By Doug Milliken, first published in Human Power, The
Journal of the IHPVA. Spring 1989, Vol. 7, No. 3.
After the IHPSC in Visalia, I stayed on a week in
the Bay Area with my good friend Max Behensky. The conversation often turned to
practical HPVs and at one point I brought up the old question, "Where
should the center of pressure be on a streamlined bicycle to deal with cross
We both knew that on three and four wheelers a center of pressure (CP) near the
center of gravity (CG) is desirable in cross winds. This has been established
for years in the automotive business, perhaps by Dr. Kamm and associates in
Germany, pre-W.W.II. The basic effect of a cross wind on an
"aerodynamically neutral" car is to move the car sideways with little
change in heading direction. If the CP is aft of the CG (big tail fins?) the
cross wind will produce a yawing moment (about a vertical axis through the CG)
that rotates the car slightly up-wind. This in turn produces a tire side force
that counteracts the side force due to the side wind. If the CP is ahead of the
CG (most common) the yawing moment rotates the car down-wind and the tire forces
add to the aero side force. With some knowledge of the aerodynamic and
tire/suspension properties, it should be possible to produce cars (and
non-banking HPVs!) that "go straight", hands-off the wheel, in cross
winds. References 1 and 2 are suggested.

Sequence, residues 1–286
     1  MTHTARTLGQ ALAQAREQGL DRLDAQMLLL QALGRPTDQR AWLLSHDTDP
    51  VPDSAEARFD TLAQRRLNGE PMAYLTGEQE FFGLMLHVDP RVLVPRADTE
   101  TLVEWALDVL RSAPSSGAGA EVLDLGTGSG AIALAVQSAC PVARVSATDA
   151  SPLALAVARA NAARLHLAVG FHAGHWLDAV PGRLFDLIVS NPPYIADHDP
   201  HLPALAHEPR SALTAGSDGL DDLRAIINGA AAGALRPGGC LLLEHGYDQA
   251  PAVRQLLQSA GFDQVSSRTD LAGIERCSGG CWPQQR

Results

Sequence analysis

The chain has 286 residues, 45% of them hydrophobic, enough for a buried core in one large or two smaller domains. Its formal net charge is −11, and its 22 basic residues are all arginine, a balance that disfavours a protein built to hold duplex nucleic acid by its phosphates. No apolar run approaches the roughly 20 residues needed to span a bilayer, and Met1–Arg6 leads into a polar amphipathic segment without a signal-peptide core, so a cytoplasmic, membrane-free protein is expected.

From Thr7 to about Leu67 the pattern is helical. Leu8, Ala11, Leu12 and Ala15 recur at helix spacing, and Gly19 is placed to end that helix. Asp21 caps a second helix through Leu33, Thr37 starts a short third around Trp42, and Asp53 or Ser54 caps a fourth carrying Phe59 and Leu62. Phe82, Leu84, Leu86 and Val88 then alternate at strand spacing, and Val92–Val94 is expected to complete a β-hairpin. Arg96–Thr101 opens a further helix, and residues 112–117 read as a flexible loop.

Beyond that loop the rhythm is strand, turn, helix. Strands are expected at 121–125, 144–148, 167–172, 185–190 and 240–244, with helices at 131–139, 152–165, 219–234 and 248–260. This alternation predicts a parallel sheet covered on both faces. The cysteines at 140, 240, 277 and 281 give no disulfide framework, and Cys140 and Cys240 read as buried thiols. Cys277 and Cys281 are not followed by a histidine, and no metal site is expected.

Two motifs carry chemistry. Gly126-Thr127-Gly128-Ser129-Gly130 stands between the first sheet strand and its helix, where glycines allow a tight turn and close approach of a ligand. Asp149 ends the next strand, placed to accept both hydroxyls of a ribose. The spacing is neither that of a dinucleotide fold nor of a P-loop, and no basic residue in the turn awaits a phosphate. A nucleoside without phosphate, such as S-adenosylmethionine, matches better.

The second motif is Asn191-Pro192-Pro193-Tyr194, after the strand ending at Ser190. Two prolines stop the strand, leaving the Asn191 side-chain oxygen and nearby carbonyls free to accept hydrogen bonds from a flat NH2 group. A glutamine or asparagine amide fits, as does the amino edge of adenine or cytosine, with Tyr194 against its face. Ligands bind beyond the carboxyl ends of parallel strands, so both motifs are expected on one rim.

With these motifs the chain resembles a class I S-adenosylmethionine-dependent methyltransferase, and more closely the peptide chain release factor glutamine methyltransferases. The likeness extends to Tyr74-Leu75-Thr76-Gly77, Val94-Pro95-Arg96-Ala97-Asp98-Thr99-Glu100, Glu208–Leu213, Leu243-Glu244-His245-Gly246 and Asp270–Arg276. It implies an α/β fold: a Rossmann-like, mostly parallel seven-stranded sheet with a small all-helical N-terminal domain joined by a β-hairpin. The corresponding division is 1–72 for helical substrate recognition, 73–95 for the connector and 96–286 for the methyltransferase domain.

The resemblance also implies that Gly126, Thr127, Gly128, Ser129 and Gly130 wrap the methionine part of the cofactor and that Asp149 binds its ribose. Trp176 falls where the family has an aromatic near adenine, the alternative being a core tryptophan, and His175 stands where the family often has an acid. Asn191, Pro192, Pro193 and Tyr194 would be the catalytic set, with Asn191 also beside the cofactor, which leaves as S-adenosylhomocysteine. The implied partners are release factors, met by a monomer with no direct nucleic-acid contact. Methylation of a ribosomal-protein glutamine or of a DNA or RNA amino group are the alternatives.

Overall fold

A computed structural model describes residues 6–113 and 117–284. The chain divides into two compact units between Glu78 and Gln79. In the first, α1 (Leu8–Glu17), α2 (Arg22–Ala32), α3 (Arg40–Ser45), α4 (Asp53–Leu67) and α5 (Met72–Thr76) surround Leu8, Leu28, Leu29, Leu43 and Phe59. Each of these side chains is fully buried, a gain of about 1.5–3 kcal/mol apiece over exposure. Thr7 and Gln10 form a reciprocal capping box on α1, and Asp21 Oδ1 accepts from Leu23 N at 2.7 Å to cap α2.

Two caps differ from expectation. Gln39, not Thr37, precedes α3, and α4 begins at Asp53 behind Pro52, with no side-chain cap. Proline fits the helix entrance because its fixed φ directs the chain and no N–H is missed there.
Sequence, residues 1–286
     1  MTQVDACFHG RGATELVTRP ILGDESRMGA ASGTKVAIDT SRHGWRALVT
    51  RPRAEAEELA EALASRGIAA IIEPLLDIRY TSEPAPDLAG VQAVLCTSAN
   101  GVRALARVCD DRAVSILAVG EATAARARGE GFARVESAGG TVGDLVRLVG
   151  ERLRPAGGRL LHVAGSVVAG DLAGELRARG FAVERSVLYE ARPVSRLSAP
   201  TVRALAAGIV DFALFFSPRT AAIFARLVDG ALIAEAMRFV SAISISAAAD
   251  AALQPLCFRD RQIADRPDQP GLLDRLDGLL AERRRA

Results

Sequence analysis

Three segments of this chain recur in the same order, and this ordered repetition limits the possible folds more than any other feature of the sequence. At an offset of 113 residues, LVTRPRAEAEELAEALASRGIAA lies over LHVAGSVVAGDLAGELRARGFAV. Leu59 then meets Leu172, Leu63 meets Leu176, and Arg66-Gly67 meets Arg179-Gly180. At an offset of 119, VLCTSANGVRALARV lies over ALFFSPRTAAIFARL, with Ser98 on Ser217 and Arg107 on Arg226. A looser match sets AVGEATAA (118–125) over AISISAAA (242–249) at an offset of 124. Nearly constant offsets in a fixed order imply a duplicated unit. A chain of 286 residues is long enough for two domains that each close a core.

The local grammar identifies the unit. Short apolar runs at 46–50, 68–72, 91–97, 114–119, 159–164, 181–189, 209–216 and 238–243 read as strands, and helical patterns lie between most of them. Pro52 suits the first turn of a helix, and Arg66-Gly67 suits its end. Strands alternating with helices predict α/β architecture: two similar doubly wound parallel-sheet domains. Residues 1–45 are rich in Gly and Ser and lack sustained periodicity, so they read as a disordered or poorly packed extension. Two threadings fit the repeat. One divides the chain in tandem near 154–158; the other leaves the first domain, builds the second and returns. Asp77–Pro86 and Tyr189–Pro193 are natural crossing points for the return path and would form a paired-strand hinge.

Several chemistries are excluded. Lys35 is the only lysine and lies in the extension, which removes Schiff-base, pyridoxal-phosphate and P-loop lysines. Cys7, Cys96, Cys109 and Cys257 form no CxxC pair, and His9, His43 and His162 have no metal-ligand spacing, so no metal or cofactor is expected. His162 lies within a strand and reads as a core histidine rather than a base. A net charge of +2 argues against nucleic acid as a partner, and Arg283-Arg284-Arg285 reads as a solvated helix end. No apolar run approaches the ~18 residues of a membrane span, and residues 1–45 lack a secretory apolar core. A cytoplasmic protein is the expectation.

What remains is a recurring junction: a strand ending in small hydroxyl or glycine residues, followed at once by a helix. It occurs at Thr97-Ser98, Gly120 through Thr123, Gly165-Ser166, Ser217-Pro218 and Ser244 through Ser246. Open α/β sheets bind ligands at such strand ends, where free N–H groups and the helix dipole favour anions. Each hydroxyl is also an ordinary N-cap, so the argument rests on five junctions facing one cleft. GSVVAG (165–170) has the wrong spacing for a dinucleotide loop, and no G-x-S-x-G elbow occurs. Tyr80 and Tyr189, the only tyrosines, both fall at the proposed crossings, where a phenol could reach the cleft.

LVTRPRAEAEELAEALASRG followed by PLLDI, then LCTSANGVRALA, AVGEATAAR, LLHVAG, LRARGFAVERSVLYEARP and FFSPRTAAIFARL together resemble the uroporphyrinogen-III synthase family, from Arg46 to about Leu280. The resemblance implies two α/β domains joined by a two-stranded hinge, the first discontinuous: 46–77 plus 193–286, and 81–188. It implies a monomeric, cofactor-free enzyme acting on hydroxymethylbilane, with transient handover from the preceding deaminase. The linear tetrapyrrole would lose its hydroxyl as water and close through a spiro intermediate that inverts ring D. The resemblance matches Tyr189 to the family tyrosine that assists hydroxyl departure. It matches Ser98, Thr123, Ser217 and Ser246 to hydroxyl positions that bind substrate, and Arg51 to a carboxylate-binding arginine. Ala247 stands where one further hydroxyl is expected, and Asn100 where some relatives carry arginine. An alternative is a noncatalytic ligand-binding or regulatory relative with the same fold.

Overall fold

The situation is not so simple for a two-wheeler because the roll (lean) degree
of freedom counts as much or more than the yaw degree of freedom.
Max is a "quick-and-dirty" experimentalist of the first rank and he
quickly suggested that I roll slowly along on the Moulton while he jogged
alongside and applied simulated side force to the frame at different points. A
suitable string was found and it was attached to the frame at various points to
simulate different CP locations for frame-mounted fairing/rider combinations. We
located the string about .8 meter (32 inches) above the ground to get the CP
height about right for an upright bike like the Moulton.
This experiment is so easy to do that I hope you repeat it. I am tempted to
leave out the results but, for the curious, here is what we found.
With the string tied at the head tube, Max
pulled sideways (gently at first!) and I found that it was very easy to make
a slight steering correction to return the bike to roll-and-yaw equilibrium
and to keep the path essentially straight. With a little practice, I was
steering and rolling the bike slightly and could resist as much side force
as he could pull. Sharply varying side forces (gusty winds) were tried next
with the same ease of control.
Next, we moved the string back to the seat post
simulating a CP aft of the CG. We kept the height above ground the same.
Here the control required was much more difficult. With practice, I could
steer and roll the bike to counter this side force but there always were
several big swerves and the heading always changed. A varying
"gusty" side force was very difficult to
control -- most of the effort went into roll stability (keeping balanced)
and the heading went all over the road!
Finally, we moved the string back to the head
tube and reversed the front forks to increase the trail. Now the side force
also produced a large steering torque. This torque steered the bike
"down-wind" which resulted very quickly in a roll angle
"up-wind", just what is required to "lean into the
wind". With a loose grip on the handlebars, the bars wiggled around as
the string was jerked but the bike kept going nearly straight.
The interesting conclusion is that the
"aerodynamically unstable" location of the CP forward of the CG is the
easiest to control and appears preferable over an "aerodynamically